Beep Test for the Vision Impaired

This is a modified version of the standard 20m beep test designed for the specific requirements for the vision impaired, adapted from the shuttle run test described for children with disabilities in The Brockport Physical Fitness Test Manual (Winnick & Short, 2014). The test differs from the standard beep test in that modifications are made to enable blind people to perform the test. The modifications made will depend on the level of vision impairment, but may include changes to the audio signal, and aids to direct them successfully along the track. For more information on the beep test and its variations, see the complete guide to the beep test. Read more about fitness testing for the disabled.

equipment required: at least 20m space clear of obstacles, marker cones, measuring tape, beep test audio, audio player.

pre-test: Explain the test procedures to the subject. Perform screening of health risks and obtain informed consent. Prepare forms and record basic information such as age, height, body weight, gender, test conditions. Measure out the course and place marker cones. Perform an appropriate warm-up. See more details of pre-test procedures.

procedure: see the standard beep test description. In general, subjects run up and back along a 20 meter track in time to audio signals (beeps). The time between the beeps reduces approximately every minute, and the subjects continue until they are unable to keep up. In addition, there are modifications that may be implemented to suit vision-impaired subjects, depending on the severity of the vision impairment. Those with limited impairment may be able to run unassisted, but with extra helpers located at either end of the 20m track, and along the side, for safety and to verbally guide the runners if necessary. The audio track may be modified to include more cues to when the turning point is approaching, or this can be done verbally by the assistants. Those runners which a greater level of blindness may need the assistance of a sighted running partner, giving verbal directions and attached with a short tether rope or by grasping the partner's elbow. A guide-wire could also be set up to guide the runner along the track.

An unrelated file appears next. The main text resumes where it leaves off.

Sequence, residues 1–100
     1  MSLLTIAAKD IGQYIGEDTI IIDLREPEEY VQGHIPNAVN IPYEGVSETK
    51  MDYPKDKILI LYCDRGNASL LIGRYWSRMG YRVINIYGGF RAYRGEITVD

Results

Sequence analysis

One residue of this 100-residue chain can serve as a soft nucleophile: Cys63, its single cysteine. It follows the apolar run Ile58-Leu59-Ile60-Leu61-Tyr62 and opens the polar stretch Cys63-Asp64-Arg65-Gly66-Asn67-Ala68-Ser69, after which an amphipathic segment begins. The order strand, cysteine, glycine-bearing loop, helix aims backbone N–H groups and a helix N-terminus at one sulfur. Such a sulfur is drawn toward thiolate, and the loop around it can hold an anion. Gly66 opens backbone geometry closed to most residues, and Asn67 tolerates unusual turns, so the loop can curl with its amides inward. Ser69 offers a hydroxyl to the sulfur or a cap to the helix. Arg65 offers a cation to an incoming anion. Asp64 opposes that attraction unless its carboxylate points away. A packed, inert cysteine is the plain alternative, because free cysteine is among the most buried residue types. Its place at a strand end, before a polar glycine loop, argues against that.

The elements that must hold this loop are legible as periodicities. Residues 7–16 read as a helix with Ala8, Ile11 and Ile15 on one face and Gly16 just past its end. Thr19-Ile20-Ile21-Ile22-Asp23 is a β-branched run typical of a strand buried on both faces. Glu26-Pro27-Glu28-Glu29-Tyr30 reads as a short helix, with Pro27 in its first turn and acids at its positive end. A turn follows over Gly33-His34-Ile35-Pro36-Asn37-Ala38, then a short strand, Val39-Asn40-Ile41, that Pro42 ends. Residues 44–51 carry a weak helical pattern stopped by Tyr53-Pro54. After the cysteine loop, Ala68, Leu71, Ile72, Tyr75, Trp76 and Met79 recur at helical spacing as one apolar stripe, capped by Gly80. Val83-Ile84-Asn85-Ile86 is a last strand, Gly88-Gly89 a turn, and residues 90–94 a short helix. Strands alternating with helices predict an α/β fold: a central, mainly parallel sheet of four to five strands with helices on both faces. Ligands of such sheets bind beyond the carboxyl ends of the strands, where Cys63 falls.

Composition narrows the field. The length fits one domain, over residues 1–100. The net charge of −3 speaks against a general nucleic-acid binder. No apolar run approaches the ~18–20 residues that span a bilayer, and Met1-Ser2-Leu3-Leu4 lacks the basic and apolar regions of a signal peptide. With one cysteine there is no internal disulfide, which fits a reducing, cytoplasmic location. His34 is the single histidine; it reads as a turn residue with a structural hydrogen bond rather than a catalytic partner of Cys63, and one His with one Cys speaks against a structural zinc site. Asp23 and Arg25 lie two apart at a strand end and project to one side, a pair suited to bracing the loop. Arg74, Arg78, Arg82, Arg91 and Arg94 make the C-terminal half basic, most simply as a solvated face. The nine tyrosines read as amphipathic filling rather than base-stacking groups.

scoring: The score is the level and number of 20m shuttles reached before they were unable to keep up with the recording. Record the last level completed, which may not necessarily the level they stopped at. There is a table of norms for the beep test.

there are modifications you can make to fitness tests for the blind there are modifications you can make to fitness tests for the blind

target population: this modified beep test is designed for vision impaired athletes.

reliability: The reliability of the beep test would depend on how strictly the test is run, and the practice allowed for the participants. The modifications made to the test to assist the vision impaired runners should be noted, as this could have affected the results.

notes: This test can be used when assessing vision impaired athletes as part of the Brockport Testing Protocols.

reference: Winnick, J. P. & Short, F.X. (2014). The Brockport Physical Fitness Test Manual. 2nd Ed. Champaign, IL: Human Kinetics.

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